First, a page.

Honking horns, beating drums, and revving engines are breaking the night. Shortly after Portugal wins the Euro semi-final, Luxembourg becomes not what a normal night would be.
I can only observe from the distance. From where I live—in the infamous Rue de Strasbourg—people on the street are in euphoria. Some people dance in the middle of the street, blocking other cars from passing through and cheering the passerby to let them know how happy they are. Cars and motorcycles are equipped with Portuguese flags and they make convoys in the city. At this night, Luxembourg is in a different state.
If statistics is of any indication, Luxembourg’s 570.000 inhabitants are populated by 47% foreigners. Of which, 93% is Portuguese (Statec, 2016). Portuguese are part of the deep substrates in Luxembourg’s society. So, imagine when there is an event with a magnitude of the Euro Cup and Portugal proceeds to the final, Luxembourg will certainly not be quiet and cool. If you live there, you are not only hearing the celebration in a handful of bars, but you hear them on the entire city. All night.
The blast of the horns are still filling the air when I write. Perhaps, some people are puzzled by seeing the celebration of the match they did not win. And as a father with two little kids, I cannot neglect the noise either. I feel alienated.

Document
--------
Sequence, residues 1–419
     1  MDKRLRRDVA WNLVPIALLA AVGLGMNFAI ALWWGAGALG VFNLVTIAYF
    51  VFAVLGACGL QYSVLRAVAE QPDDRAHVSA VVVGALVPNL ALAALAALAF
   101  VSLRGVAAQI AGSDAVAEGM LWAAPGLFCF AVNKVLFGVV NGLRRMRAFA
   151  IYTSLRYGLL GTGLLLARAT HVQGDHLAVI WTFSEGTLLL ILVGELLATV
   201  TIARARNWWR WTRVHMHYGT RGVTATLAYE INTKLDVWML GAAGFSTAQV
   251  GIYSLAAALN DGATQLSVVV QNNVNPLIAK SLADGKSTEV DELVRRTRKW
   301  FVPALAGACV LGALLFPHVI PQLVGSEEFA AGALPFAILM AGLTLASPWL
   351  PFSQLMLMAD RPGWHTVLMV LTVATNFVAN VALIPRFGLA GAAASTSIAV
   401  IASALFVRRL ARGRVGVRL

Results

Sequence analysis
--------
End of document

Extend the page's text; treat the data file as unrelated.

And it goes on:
And there you have it. When you are faced with something that is foreign to you—in particular a behavior of a group—it is tempting to attribute any explanation of it based on the other party’s origin. It’s an easy route. You make sense of it by what you immediately see. Be it the country of origin, religion, or race. It happens elsewhere too. My wife has experienced, for several times, verbal and non-verbal harassment on the street and public places. One of them just happened yesterday. Possibly by the fact that she is wearing a hijab/veil. And possibly also due to the strong prejudice that is attributed to Islam in the recent years. Or perhaps due to other reasons? We don’t know. But she was certainly misunderstood. We’ve had it. And as foreigners, prejudice becomes part of our lives.
No one likes confusion. Confusion threatens one’s sovereignty. Yet everyone likes the feeling of being sovereign. That is why people celebrate it: to express one’s sovereignty. When it is threatened, people will restore it either by trying to understand others or by attacking others. The strong proponents of those who are harsh towards foreigners in the name of “making America great again,” for example, are partly fueled by the false promise of restoring one’s sovereignty. We now live in the era where sovereignty should be achieved through mutual understanding and respect to others. Both ways.
It is difficult to understand others. And it is scary too—one might end up being more confused than ever before. Not all people can do this. Yet, this is what is precisely needed in our society where our interconnections to others are inevitable. At other part of the world, one might easily dismiss the presence of foreigners in a country, but maybe because their number is small in comparison to the whole population. But in a society where almost half of the population are of a foreign origin, one might have to think differently on how to embrace them.